In the case of the vaccines manufactured in the EU, the fourth step of the development process will be taken in January, he continued, and there is a chance that the Russians and Chinese, too, will do so; Hungary has contacts regarding vaccine developments with all three, the EU, Russia and China.
“The most liberating sensation” would be, he said, if different vaccines were simultaneously available, and then – as vaccination will not be compulsory, but merely voluntary – people could decide which one they would like to have administered.
He added, however, that whichever vaccine we might be talking about, at the end of December and in January supplies will only be available in limited quantities, but there will be “a sigh of relief”.
He also observed that people would probably need two vaccines.
The several hundred million vaccines required in Europe will probably be available in April to May, that is when we will finally be “liberated,” he said.
In response to the suggestion that many believe that elementary schools and nursery schools should also be closed down, the Prime Minister said according to the majority, the country must remain up and running even amidst the fight against the virus, which means that parents must be able to go to work.
If children cannot be taken to creches, nursery schools and elementary schools, someone has to stay at home with them, meaning that they would not be able to go to work, something that the majority of people do not want, he said, adding at the same time that if this is what the majority want, they will make it possible.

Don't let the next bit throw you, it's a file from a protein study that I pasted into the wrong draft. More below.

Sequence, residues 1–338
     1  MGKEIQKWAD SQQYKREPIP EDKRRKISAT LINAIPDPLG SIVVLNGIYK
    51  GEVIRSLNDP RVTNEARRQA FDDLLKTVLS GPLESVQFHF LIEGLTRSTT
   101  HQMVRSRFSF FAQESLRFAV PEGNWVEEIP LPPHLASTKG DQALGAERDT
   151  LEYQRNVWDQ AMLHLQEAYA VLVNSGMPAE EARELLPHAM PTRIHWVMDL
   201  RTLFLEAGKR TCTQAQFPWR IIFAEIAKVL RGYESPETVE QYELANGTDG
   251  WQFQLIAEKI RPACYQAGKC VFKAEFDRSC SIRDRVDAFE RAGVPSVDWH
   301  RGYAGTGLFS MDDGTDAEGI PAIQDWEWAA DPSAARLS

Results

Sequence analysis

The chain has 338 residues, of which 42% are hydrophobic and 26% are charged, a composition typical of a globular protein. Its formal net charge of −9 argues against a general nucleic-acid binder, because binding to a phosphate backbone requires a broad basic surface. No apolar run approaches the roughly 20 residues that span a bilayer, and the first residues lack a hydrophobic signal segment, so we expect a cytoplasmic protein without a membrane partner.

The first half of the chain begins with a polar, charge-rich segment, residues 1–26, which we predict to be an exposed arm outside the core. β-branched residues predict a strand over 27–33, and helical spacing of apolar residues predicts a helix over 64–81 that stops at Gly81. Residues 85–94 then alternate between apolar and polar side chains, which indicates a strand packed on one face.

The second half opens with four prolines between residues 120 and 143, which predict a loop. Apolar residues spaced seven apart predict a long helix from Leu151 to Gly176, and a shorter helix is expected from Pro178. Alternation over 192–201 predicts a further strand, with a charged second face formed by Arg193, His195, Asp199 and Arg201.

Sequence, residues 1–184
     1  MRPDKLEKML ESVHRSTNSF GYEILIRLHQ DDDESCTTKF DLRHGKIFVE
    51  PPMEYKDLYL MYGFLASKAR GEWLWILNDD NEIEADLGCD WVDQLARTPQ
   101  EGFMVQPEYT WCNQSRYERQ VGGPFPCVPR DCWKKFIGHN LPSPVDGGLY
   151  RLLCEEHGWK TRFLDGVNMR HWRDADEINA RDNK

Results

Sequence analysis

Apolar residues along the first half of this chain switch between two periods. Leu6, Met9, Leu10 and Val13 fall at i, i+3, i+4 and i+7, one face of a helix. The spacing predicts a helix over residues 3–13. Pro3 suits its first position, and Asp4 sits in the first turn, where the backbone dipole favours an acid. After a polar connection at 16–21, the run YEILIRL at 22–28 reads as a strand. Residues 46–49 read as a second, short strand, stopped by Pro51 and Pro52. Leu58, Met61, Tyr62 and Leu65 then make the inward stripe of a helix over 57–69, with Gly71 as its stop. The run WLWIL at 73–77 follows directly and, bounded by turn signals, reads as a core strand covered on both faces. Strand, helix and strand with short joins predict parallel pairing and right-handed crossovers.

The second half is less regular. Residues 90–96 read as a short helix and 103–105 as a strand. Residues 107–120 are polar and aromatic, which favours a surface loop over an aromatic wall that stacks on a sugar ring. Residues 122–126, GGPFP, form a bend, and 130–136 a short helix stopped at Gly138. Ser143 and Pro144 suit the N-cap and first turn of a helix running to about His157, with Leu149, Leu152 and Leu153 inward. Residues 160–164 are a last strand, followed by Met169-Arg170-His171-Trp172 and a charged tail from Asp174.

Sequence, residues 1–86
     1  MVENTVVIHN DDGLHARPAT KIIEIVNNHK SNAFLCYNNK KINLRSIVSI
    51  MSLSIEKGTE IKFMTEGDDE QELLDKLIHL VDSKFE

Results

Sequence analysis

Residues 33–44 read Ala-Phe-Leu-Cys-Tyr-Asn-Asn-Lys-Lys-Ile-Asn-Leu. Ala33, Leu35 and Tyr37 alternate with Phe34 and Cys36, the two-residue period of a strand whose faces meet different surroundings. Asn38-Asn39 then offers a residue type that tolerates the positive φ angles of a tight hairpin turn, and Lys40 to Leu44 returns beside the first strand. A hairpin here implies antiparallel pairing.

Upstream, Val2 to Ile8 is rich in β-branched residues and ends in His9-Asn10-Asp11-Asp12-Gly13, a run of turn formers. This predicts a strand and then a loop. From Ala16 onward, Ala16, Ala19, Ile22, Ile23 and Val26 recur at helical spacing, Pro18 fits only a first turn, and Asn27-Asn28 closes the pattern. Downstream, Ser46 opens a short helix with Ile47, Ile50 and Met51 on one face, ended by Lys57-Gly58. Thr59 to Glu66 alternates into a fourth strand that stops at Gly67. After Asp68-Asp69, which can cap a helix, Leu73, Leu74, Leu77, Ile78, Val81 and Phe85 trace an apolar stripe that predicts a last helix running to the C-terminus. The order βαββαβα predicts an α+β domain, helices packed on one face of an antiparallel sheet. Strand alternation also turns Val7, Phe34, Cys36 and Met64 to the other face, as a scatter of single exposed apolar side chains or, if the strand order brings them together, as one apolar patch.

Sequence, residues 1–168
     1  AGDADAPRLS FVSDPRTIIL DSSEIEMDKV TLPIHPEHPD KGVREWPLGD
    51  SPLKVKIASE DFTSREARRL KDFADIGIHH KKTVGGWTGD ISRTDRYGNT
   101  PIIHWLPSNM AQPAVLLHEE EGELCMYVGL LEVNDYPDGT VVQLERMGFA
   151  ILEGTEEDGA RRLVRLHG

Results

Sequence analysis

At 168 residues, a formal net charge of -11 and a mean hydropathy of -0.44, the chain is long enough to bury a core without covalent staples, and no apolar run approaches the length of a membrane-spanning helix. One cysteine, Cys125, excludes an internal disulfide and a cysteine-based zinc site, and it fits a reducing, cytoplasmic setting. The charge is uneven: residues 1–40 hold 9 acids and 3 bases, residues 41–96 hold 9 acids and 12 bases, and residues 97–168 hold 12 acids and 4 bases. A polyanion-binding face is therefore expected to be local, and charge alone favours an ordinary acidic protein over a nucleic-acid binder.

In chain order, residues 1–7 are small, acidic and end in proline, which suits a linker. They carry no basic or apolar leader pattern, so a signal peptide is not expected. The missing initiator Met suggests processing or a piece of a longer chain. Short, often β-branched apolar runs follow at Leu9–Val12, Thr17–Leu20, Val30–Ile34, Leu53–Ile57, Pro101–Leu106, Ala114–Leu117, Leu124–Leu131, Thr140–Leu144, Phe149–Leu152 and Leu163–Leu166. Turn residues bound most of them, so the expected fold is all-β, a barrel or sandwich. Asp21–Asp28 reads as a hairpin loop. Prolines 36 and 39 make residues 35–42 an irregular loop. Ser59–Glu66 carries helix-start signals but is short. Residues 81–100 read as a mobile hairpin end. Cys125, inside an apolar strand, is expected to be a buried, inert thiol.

The Prime Minister said he himself was surprised at the “farewell gatherings” held before the introduction of the curfew, but in his view the question is whether those who follow and comply with the rules are able to convince those who are less willing to do so.
Regarding the monitoring of compliance with the curfew by the police, he said it is good if the police act in a humane manner, but at the same time they must be clear and firm, and the legislature helped the work of the police with the creation of clear and firm rules.
He said patrol units will include both police officers and armed army personnel. The reason why they are required to perform patrol duties together in mixed units is that, according to the rules relating to constitutional order, members of the military are not allowed to take law enforcement action against civilians, but can help police officers, he explained.
He finally highlighted that with state assistance they will be able to make the coming month bearable for hotels, restaurants and leisure time businesses, but this is not the solution, only a way to help them survive.
Soon, however, the government will adopt decisions which will increase the chances of businesses to remain in business, and to even gain in strength in the next few months, he said, indicating that they will fundamentally seek to reduce taxes.
“We must keep every enterprise in business in order to prevent them from laying off people, and in order for them to give jobs to more people who will in turn be able to support their families,” he said, stating that they are not budging an inch on the idea of a workfare economy even at a time of crisis management.